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'I feel like I'm dying,' murder victim Marissa Kennedy told Sharon Carrillo before her death

Day 5 of the Sharon Carrillo murder trial began with jurors watching a video of a police interview with Carrillo taken the day after her 10-year-old daughter's death

BELFAST, Maine — Shortly before losing the ability to speak, ten-year-old Marissa Kennedy told her mother, “I feel like I’m dying,” Sharon Carrillo told police following Kennedy’s death.

Jurors in Carrillo’s murder trial saw a video of that police interview Thursday morning as the trial continued into a fifth day. By day's end, prosecutors had rested their case and the defense had called its first witness.

Carrillo is charged with depraved indifference murder in the February 2018 death of her daughter.

Sharon Carrillo's husband, Julio Carrillo, pleaded guilty to depraved indifference murder and was sentenced to 55 years in prison.

RELATED: Julio Carrillo sentenced to 55 years in prison for role in Marissa Kennedy's murder

Julio Carrillo is expected to be called as a witness for the defense on Friday.

In the video shown Thursday, Sharon Carrillo described how she forced her daughter to kneel on a tile floor while she was beaten so the rug wouldn’t be stained by blood.

Carrillo said she should have refused to abuse her daughter.

“Now there are going to be consequences," she said to police. "I would never survive jail alone. I need to go to a psychiatric hospital where I know nothing is going to happen to me."

Carrillo also admitted to police that she was lying when she said her stepmother sent text messages describing how she and her husband should "punish" Kennedy.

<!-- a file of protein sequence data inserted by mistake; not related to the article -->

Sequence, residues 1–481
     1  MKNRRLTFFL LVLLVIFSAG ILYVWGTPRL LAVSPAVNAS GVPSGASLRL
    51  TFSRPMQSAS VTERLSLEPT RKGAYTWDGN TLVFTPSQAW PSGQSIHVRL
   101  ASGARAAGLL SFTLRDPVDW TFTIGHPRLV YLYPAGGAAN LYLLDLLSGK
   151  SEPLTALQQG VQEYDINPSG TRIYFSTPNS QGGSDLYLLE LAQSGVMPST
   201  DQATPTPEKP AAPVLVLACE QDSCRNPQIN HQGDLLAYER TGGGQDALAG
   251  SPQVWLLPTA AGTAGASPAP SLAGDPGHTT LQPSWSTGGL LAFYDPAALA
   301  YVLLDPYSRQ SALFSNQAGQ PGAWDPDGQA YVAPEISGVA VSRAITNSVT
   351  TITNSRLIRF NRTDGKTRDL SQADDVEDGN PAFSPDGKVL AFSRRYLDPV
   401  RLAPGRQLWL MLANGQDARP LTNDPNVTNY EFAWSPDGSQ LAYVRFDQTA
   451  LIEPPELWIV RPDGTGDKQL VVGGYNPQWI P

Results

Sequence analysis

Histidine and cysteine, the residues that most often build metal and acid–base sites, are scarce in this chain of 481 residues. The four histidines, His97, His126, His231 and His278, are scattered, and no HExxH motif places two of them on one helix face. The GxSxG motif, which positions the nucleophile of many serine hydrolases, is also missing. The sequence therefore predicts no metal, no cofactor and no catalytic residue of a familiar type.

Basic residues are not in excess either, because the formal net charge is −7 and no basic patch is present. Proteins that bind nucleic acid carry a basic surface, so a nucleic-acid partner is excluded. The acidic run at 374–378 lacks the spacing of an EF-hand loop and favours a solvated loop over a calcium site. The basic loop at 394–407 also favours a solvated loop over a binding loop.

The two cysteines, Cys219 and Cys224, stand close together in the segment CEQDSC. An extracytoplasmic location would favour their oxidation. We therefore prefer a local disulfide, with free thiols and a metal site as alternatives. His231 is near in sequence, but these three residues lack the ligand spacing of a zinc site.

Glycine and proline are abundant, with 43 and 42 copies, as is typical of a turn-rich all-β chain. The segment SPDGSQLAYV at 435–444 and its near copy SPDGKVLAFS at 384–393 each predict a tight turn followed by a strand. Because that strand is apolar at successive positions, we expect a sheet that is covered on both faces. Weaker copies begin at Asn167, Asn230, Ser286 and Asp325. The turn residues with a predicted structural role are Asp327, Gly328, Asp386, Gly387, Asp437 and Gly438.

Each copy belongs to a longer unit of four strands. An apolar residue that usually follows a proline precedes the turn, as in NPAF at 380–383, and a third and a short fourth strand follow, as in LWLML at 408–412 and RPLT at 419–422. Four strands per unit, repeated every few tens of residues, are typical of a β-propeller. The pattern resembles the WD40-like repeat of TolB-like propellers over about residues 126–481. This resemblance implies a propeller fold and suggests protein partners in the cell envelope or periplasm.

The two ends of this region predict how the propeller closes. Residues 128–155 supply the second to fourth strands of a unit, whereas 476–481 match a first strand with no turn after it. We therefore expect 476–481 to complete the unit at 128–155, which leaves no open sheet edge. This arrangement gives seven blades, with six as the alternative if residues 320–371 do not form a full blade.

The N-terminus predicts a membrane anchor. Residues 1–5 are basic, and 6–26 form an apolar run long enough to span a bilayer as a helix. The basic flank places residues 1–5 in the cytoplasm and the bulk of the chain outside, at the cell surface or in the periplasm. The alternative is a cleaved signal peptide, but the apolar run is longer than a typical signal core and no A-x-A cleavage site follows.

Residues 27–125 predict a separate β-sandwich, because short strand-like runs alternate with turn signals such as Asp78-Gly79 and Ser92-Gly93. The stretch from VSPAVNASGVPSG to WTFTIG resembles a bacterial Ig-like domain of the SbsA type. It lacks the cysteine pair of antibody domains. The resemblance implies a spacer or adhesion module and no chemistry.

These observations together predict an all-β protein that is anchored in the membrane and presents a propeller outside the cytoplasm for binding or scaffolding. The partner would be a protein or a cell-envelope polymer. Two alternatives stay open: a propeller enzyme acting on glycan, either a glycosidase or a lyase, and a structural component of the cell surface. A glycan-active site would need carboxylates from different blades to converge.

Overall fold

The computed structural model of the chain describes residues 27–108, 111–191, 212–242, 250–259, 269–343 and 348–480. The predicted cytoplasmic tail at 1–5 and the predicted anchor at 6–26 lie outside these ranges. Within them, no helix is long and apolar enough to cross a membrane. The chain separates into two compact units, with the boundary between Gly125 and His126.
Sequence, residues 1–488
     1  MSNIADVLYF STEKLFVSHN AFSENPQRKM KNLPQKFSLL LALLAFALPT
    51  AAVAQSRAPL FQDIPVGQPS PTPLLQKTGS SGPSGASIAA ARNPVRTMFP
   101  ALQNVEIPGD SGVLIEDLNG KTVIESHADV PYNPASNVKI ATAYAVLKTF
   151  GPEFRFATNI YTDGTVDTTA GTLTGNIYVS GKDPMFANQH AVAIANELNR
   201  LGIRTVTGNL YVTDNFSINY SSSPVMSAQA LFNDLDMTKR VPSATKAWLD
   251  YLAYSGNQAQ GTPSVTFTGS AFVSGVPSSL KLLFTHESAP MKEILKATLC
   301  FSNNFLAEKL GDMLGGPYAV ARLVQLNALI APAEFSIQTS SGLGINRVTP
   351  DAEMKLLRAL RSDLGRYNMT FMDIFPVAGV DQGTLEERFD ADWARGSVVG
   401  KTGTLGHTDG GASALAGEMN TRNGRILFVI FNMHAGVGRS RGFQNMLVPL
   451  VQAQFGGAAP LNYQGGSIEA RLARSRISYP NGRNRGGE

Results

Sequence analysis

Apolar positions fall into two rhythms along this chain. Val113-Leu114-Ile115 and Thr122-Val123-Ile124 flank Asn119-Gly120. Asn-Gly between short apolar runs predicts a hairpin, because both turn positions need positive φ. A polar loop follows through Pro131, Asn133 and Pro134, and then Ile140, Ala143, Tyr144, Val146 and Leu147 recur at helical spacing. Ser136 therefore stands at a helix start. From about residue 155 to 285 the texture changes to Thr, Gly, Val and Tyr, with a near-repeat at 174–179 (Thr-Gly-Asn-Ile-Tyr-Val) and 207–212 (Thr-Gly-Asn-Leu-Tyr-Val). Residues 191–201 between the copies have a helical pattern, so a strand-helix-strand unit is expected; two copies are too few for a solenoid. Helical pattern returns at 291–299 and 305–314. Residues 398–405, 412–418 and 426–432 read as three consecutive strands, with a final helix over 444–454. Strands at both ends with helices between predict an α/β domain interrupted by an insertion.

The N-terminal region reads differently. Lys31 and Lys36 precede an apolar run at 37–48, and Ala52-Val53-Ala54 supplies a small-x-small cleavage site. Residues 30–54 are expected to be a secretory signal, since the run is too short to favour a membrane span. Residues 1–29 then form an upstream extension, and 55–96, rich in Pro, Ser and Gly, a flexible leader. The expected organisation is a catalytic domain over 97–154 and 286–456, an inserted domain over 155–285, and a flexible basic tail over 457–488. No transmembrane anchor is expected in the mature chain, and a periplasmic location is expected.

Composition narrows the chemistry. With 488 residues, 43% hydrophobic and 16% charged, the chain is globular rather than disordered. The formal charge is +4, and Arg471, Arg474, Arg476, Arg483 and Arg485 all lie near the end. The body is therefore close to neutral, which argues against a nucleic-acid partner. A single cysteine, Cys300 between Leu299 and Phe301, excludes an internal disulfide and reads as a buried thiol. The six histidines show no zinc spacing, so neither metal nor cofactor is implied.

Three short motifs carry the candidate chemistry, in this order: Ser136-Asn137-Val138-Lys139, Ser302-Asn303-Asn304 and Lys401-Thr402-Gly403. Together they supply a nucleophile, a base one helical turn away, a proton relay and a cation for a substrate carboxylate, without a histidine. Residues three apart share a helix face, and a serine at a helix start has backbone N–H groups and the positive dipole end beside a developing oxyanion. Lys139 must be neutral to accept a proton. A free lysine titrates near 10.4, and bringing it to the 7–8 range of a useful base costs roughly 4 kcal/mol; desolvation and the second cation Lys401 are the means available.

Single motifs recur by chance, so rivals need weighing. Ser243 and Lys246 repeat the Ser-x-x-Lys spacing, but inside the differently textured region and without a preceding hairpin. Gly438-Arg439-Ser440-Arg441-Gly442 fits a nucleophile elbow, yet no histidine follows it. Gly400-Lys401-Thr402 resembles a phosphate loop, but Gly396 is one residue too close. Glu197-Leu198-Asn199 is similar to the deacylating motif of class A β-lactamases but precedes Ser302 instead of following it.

During cross-examination Thursday afternoon, Maine State Police Det. Jason Andrews acknowledged to defense attorney Chris MacLean that none of the evidence directly links Sharon Carrillo to killing Kennedy. MacLean suggested detectives were “psychologically coercive” with Carrillo and that her only admissions were “just repeating” what she had been asked by police.

At MacLean's questioning, Andrews acknowledges that detectives got Sharon Carrillo to admit that there were no text messages, even though detectives had actually seen the text messages.

On re-cross, Andrews says he does not know who sent the texts.

At about 3:30 p.m., the state rested.

The first two witnesses for the defense, Henry and Janice Capano, live in the condominium complex where Marissa Kennedy was murdered.

Henry Capano said Sharon Carrillo came to his condo asking for food and money. He said the day before Kennedy died, he saw Sharon Carrillo outside the garage door screaming, "Let me in, let me in."

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